Over time, our mattress can go flat, and our sheets become threadbare, the curtains worn thin by time and allowing too much light into the room. Take the time to reassess your bedroom and consider changes like a new cheap mattress, a new set of sheets or fluffy, new pillows. Blackout curtains can help keep out light so you can sleep better without outside interference.
- Avoid stimulants.
Caffeine and nicotine are two examples of stimulants that can interfere with sleep, so skip the evening coffee or smoke. Instead, have a warm cup of tea that will help relax the body for bed.
The bottom line
Coronavirus has been a difficult time for people all over the world, and many a sleep schedule has been affected by the growing financial stresses from things like unemployment and loss of income. Parents find themselves in an especially challenging position, now having to hide their financial stressors from already worried and all-too-perceptive children.
However, with the FDA reporting several positive developments regarding a COVID cure, business is slowly getting back on track as the economy slowly adjusts to this new normal.
As a parent, it’s all too easy to stress about money and debt, but you are less likely to effectively handle these worries when you are sleep-deprived and unable to cope.
By establishing and maintaining healthy sleep habits for your entire household, you will be better able to meet the challenges of each day and maintain excellent financial management, even during a pandemic.
|U.S. Government Services and Information||1-844-872-4681||A comprehensive database of federal resources and support for financial, unemployment and bill support.|
Dealing with Debt Unemployment Help, Getting Help with Living Expenses
|U.S. Department of Housing and Urban Development (HUD) Housing Choice Voucher Program||Public and Indian Housing Customer Service Center,1-800-955-2232,Monday – Friday, 9:00 a.m. to 5:00 p.m. EST|
Find your local HUD office
Find your local public housing agency (PHA)
|Section 8 housing assistance.Benefits given by the federal government for low-income, disabled, veteran, single or senior households.|
|Supplemental Nutrition Assistance Program (SNAP)||SNAP State Directory of Resources||Food stamp program|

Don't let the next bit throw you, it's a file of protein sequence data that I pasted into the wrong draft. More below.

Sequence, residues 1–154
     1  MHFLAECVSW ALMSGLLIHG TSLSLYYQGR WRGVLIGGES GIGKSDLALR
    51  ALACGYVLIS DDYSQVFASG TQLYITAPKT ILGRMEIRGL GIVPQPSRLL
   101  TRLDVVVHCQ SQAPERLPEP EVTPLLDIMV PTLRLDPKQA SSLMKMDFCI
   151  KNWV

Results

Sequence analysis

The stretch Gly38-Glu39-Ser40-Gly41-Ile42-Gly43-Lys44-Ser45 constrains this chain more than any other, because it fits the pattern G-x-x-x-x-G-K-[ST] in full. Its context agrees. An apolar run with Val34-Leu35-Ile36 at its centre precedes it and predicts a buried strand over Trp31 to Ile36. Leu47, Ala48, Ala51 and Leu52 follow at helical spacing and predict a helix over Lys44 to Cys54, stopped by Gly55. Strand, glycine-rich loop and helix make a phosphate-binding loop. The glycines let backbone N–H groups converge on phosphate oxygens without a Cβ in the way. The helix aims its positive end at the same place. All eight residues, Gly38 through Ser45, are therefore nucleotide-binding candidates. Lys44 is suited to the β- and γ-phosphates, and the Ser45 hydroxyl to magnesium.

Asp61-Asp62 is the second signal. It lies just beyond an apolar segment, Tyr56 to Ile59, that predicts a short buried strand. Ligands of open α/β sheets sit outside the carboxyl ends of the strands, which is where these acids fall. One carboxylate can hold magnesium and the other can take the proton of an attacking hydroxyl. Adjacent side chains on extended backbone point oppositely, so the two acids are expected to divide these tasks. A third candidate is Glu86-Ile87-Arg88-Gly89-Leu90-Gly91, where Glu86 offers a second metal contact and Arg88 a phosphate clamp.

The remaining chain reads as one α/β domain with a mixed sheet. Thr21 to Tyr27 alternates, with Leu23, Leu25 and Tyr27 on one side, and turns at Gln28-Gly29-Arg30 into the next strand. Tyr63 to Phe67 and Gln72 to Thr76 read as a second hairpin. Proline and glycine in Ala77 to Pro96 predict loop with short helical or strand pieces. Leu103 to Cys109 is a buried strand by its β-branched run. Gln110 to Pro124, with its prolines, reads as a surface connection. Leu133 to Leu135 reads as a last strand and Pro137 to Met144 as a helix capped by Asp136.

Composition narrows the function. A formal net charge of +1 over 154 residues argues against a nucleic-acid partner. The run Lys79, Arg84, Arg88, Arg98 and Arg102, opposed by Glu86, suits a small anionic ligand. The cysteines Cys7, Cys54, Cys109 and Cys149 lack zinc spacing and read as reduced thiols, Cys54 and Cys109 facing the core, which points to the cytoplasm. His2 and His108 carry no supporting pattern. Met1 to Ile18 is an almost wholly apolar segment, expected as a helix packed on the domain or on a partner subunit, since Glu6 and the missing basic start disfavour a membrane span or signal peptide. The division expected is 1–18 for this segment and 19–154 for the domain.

|Emergency Food Assistance Program (TEFAP)||Local office and TEFAP contacts||Food assistance for low-income families.|
|Women, Infants and Children (WIC)||State resources||Support for pregnant and breastfeeding women, as well as free formula for infants and children under five|
|Low-Income Home Energy Assistance Program (LIHEAP)||Phone 202-401-9351Fax 202-401-5661|
Staff Contacts, Division of Energy Assistance
|Federal help with home energy bills, energy crises and weatherization and energy-related repairs|
Anxiety and Depression Resources
|The Substance Abuse and Mental Health Services Administration(SAMHSA) National Helpline||1-800-662-HELP (4357)TTY: 1-800-487-4889|
Online treatment locators
|SAMHSA’s National Helpline is a free, confidential treatment referral and information service for individuals and families facing mental and/or substance use disorders.24/7, 365 days a year English and SpanishFree referral service|
|Anxiety and Depression Association of Americaemail@example.com||Through education, practice, and research, this international nonprofit dedicated to the prevention, treatment, and cure of anxiety, depression, OCD, PTSD, and co-occurring disorders.|
|National Eating Disorders Association||Call or text 1-800-931-2237Online chatFind a treatment provider|
In emergencies, text “NEDA” to 741741
|A trove of resources along with a national helpline and online support|
|Families for Depression Awareness||781-890-0220Fax firstname.lastname@example.org||Resources designed to reduce suicides by helping families recognize and deal with depression and bipolar disorder.|
|The Balanced Mind Foundation||1-800-826-3632Fax 312-642-7243Community@DBSAlliance.org||Manages the Balanced Mind Parent Network (BMPN) as a support network for parents with children who have mood disorders.|
|National Child Traumatic Stress Networkemail@example.com@nctsn.org (Learning Center support)|
NCCTS—University of California, Los Angeles(310) 235-2633Fax: (310) 235-2612
NCCTS—Duke UniversityPhone: (919) 682-1552Fax: (919) 613-9898
|Improves the standard of care and increases access to support services for traumatized children and their families.|
|American Foundation for Suicide Prevention||800-273-8255 Text TALK to 741741Find a local chapter||AFSP has programs in all 50 states to increase awareness and provide support services for those affected by suicide.|
|National Center for PTSD||1-800-273-8255Text 838255Online chat||Support services for veterans and service members in crisis with free, anonymous, 24/7 support services.|